Poinsettias are associated with Christmas and the holiday season no doubt due to their vibrant red color and because they are everywhere this time of year. However, poinsettias can actually last months now and even longer with the proper care. So, before you give your poinsettia the old heave-ho this year, try keeping it around a bit longer by following the below steps. Also, check out the helpful infographic the experts at Tulsa’s best florist, Mary Murray’s Flowers, put together for you at the end of this post.
Poinsettia Care Schedule
Jan – Mar: Poinsettias thrive in bright natural light, so place your plant in a sunny window and water when the soil is dry to the touch. Make sure the plant does not sit in standing water.
April: This is the beginning of the rest period for the poinsettia. To encourage it to go into its dormant phase, gradually decrease watering allowing the soil to dry out a bit – just make sure the stem doesn’t begin to wither. Find a cool place, around 60 F , to put it and let it rest for a bit.
May: After about a month of rest, prune back the stems of the poinsettia to 5 inches. Now would also be a good time to repot it with fresh soil. Begin watering more frequently and fertilizing to wake it up and return it to a sunny spot.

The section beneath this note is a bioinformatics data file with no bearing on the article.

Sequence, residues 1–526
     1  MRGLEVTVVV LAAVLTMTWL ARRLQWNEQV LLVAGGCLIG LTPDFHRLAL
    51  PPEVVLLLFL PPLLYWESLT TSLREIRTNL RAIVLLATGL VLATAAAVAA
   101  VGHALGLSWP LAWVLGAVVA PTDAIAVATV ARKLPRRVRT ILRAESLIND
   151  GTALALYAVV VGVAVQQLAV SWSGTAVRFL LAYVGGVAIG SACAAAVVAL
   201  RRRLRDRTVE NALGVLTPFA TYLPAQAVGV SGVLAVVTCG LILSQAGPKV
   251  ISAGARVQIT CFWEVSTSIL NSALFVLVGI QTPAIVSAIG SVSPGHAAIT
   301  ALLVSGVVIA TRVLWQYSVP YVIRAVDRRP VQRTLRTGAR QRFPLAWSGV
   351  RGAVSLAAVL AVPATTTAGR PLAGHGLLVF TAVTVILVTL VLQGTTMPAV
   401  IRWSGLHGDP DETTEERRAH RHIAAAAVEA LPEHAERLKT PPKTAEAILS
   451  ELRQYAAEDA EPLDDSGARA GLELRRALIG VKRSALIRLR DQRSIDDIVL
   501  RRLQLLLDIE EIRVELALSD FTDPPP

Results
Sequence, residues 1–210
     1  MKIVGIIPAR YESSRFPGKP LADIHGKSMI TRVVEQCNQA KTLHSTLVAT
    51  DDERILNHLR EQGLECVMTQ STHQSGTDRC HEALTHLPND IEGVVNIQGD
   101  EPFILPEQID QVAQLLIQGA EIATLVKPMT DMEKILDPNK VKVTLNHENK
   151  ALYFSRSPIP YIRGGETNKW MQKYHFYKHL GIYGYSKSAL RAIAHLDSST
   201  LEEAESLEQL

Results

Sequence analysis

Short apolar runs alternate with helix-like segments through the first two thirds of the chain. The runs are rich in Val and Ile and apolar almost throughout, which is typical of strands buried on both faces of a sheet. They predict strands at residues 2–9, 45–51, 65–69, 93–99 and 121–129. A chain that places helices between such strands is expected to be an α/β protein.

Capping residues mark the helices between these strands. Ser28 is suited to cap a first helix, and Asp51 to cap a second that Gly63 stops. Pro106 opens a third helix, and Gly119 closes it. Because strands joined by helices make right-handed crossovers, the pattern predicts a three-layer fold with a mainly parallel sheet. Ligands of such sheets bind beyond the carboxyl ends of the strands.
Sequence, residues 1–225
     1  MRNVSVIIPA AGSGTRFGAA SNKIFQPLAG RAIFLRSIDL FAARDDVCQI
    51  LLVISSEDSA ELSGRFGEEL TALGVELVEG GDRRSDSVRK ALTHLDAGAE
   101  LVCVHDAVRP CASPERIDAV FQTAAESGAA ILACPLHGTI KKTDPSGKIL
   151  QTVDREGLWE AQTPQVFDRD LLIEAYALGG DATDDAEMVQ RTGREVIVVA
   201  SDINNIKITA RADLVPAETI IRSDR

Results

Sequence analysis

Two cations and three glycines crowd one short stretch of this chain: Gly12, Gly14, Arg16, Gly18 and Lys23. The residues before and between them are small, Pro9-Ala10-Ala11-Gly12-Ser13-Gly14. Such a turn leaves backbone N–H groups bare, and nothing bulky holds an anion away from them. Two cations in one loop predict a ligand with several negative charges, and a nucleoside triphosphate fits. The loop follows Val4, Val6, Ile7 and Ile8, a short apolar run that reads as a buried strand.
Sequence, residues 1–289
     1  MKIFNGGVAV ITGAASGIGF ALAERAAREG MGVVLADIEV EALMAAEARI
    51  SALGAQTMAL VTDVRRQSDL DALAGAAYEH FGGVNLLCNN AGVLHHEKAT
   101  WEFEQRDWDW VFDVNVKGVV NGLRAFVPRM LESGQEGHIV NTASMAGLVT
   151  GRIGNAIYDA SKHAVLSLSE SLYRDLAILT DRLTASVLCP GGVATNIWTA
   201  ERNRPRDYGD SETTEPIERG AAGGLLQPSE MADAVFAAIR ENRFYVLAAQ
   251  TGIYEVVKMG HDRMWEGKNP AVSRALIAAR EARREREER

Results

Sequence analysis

June: Move your plant outside so it can benefit from the sun and warmer temperatures. A partially shaded area is best. Continue to water and fertilize
July: In early July, pinch back about an inch of new growth to prevent the plant from looking leggy.
Aug – Sep: Continue pinching new growth to obtain a full look. When the weather begins to cool around Sep 1, bring the poinsettia back indoors. Place in a sunny window and continue to water and fertilize.
October: This is the beginning of the reblooming phase and it requires the plant to only receive 10-12 hours of daylight. For the other 12-14 hours, the plant needs to be in complete, uninterrupted darkness. Any exposure to light during this period will delay blooming. Put in a dark closet or place a box over it.
Nov – Dec: Your reward for patience and dedication should be evident now as you’ll see the leaves changing colors to bright red and eventually become a full-blown re-bloomed poinsettia. Discontinue the fertilizer but water as you did this time last year when you first purchased your plant.
Easy peasy, right? Perhaps not, as there are no guarantees your plant will rebloom. It may be daunting or too much effort for some people, but that’s OK! Support your local florist by purchasing one or two new poinsettias from them each year and don’t stress out about trying to get them to rebloom – unless you want to, of course.